A 30-year-old Dresden man faces two years in prison after admitting to selling just more than 8 grams of methamphetamine to a confidential informant in January.
The state and defense agreed to the recommended sentence after Larry W. Colebank Jr. waived his right to have the case presented to a grand jury. Instead, he opted to plead guilty to a bill of information containing a single charge from the Muskingum County Prosecutor’s Office.
Prosecutors said Colebank sold 8.2 grams of meth to a confidential informant working with the Central Ohio Drug Enforcement Task Force in January.
He appeared Monday afternoon in common pleas court to enter the guilty plea to one count of trafficking in drugs, a second-degree felony. The count contains a specification asking that Colebank forfeit a Jeep Cherokee to the state that he was recorded driving during the transaction. A juvenile specification also is attached to the charge, referring to Colebank’s son who was with him during the crime, Assistant County Prosecutor Ron Welch said during the plea hearing.
Judge Kelly Cottrill set Colebank’s bond at the county jail at $100,000 and ordered a presentence investigation.
The charge is identical to that contained in a complaint that Prosecutor Mike Haddox’s office filed against Colebank earlier this month, when he was arrested along with his father, Larry W. Colebank Sr. Authorities have implicated the father and son in a large meth trafficking operation spanning Muskingum, Licking and Perry counties, Sheriff Matt Lutz has said.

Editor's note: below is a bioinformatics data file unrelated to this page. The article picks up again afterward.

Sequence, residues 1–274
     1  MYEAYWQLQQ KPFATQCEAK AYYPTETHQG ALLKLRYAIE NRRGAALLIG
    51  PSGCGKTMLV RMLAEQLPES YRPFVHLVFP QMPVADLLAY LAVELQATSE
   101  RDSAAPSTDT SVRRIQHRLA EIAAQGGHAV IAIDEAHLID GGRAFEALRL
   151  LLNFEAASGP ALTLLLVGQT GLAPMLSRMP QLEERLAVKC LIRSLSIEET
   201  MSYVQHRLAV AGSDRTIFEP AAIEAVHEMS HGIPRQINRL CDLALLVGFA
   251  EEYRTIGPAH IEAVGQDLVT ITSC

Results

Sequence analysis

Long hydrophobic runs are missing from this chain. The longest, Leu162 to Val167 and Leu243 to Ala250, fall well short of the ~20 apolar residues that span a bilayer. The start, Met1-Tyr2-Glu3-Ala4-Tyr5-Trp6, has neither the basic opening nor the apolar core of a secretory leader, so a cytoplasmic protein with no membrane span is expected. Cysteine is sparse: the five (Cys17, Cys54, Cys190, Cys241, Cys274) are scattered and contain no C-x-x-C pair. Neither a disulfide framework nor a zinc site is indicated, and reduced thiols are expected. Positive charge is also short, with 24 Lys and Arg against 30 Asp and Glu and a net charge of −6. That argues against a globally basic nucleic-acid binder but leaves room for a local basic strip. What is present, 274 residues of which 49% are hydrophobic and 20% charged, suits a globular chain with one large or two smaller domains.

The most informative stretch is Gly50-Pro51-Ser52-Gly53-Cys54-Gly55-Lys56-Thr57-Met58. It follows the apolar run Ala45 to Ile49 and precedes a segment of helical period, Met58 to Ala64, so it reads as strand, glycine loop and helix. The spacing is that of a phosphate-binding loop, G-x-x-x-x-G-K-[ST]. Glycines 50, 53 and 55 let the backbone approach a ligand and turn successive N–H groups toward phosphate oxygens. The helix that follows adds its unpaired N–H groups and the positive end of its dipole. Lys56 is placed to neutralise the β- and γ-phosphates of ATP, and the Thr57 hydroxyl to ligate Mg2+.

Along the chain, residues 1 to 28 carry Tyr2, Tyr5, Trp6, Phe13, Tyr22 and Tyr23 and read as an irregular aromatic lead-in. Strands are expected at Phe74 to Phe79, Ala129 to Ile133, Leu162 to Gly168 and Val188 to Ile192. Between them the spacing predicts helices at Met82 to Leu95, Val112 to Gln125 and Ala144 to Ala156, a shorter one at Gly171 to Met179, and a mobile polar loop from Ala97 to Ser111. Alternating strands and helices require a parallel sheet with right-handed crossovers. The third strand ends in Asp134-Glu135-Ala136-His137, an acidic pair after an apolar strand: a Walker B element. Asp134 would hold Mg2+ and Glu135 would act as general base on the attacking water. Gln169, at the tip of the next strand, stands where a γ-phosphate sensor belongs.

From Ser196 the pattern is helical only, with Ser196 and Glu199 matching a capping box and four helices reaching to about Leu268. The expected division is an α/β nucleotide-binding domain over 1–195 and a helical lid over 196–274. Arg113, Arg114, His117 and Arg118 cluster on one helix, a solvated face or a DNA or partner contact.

The elder Colebank is being detained at the county jail on a complaint filed by the prosecutor’s office containing two counts of trafficking in methamphetamine, a second-degree felony; trafficking in methamphetamine, a third-degree felony; trafficking in methamphetamine, a first-degree felony; possession of methamphetamine, a fifth-degree felony; and three third-degree felonious weapons charges.
The 56-year-old is not permitted to own firearms because of a 2002 drug conviction on his record. He served an eight-year prison sentence in that case.
Many of the elder Colebank’s charges include firearm specifications, and two have specifications indicating the alleged offense was committed near a juvenile. The specifications would add prison time onto any potential sentence, the maximum of which is 44 years.
Additionally, many charges include forfeiture specifications, which refers to guns, cash and a car the elder Colebank owned that was linked to the alleged drug operation. The state is asking that he turn over $442, a .25-caliber handgun, a .22-caliber rifle, a .22-caliber revolver and the same 1998 Jeep Cherokee.
The arrests were the result of a monthlong investigation by the Zanesville Police Department, the Muskingum County Sheriff’s Office and CODE.
Agents raided the home at 3215 Fifth St. in Trinway earlier this month after investigating the elder Colebank’s alleged drug trafficking activities, Welch said Monday.
As a result of the investigation, agents reported they seized about 100 grams of meth valued at $50,000, $21,000 in cash, three guns and two vehicles, Lutz said at a press briefing on Feb. 5.